About William Hogarth

Hogarth did not become a revered artist without hardship. He was born into genteel poverty in the City of London in 1697 near the thriving Smithfield meat market and the edifices of Newgate and Fleet prisons. Since his family was poor he was unable to afford art school; he instead became an apprentice at the age of 15 to an engraver. Two years before it was to end, Hogarth broke his agreement with the engraver and took on the more ambitious trade of engraving copper. This new trade would allow him to become more familiar with a variety of pictorial styles. In 1724, recognizing that graphic satire was both a viable commodity in the print market and an outlet for his artistic freedom and invention, Hogarth decided to design, engrave, and publish a satiric print. This was simply a means to end for Hogarth however. Ultimately he wanted to become a painter. He continued to engrave in order to make money while on the side teaching himself how to paint. After saving up enough money to pay the tuition, Hogarth enrolled in James Thornhill's private art school. There he fell in love with Mr. Thornhill's daughter and they eloped in 1729. By 1731 he was well established in the field of conversation pieces. Throughout his career he created images that questioned things like political satire, moral stories, and everyday life. "William Hogarth lived at a time when England was becoming increasingly urban and commercial, as well as an aggressive imperial power. He commented both positively and negatively on this society, celebrating the benefits of commerce, politeness, and patriotism, while simultaneously exposing its corruption, hypocrisy, and prejudice." 15 Hogarth attempted to capture the lives of the people living in London during the 18c. He was not attempting to sugar coat the situations they were facing or the amoral decisions being made behind close doors. "Hogarth's pictures, even more than the novels of Dickens, hold a steady, unflinching mirror to the worst of London life." 16 By the 1730s, Hogarth was a well-established artist but suffered from printsellers who used his work without paying royalties. This led him to persuade his friends in Parliament to pass the Engravers' Copyright Act. Also in 1735, Hogarth established St. Martin's Lane Academy, a guild for professional artists and a school for young artists. Hogarth became seriously ill in 1763 after completing his engraving entitled John Wilkes, Esq.; in July of 1763, he suffered a paralytic seizure. However, he did not let that stop him from his work. He completed his final print, Tailpiece, in April of 1764 and passed away on October 25, 1764. 17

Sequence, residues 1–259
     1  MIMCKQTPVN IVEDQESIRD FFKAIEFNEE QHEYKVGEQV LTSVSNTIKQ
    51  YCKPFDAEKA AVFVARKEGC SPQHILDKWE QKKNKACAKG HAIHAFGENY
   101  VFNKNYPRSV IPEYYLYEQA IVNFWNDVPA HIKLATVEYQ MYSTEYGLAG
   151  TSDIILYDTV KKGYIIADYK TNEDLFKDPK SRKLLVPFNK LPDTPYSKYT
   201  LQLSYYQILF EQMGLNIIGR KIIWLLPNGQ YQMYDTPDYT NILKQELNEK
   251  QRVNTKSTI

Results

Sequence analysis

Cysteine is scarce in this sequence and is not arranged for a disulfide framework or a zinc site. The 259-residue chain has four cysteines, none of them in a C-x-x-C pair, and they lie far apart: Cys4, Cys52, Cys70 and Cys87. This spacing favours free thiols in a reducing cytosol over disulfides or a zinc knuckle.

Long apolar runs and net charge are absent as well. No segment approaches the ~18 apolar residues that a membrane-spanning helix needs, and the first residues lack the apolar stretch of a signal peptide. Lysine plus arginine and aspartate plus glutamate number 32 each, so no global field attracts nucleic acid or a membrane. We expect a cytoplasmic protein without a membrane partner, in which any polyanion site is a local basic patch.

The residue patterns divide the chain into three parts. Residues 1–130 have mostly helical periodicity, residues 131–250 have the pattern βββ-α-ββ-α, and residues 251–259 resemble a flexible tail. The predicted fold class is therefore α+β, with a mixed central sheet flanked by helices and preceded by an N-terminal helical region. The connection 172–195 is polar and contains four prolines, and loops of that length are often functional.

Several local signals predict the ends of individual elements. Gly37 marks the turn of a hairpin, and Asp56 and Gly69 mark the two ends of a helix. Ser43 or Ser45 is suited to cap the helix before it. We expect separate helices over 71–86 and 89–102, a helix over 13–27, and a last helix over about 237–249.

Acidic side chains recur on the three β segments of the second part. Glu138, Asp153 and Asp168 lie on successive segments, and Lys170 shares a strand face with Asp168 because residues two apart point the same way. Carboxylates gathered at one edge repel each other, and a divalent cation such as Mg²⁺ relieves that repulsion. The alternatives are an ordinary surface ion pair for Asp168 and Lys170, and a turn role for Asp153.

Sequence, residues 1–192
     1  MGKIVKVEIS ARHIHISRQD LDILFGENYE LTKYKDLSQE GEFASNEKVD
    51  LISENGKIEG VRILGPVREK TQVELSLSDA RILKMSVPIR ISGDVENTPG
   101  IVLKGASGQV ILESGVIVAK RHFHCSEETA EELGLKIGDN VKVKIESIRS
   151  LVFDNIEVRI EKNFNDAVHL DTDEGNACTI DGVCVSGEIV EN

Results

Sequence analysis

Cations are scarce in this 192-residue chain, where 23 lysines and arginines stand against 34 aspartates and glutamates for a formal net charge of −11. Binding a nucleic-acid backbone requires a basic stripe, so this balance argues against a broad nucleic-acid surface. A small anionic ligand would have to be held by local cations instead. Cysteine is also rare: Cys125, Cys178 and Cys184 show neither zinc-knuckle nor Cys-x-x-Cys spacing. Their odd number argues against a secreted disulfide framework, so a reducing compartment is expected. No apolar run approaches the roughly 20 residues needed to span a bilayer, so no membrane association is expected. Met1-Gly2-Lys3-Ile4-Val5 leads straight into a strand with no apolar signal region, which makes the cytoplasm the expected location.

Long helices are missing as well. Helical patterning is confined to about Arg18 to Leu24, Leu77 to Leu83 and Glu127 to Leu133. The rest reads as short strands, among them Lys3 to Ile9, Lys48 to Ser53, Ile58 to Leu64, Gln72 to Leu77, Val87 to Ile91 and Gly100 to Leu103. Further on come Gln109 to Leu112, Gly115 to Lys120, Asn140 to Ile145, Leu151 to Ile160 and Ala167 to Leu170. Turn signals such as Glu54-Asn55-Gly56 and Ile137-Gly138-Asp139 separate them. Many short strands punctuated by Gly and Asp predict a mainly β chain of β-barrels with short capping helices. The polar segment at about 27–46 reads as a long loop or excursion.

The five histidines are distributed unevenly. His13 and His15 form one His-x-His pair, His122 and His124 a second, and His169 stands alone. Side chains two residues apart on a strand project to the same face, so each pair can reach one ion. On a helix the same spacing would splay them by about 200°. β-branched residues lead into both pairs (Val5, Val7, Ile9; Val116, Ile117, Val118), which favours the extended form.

Hogarth's Other Popular Images

1735 The Rake's Progress: The Rake in Bedlam

1750 Beer Street

1750 The March to Finchley

1763 The Bruiser

1763 John Wilkes, Esq.

 

 

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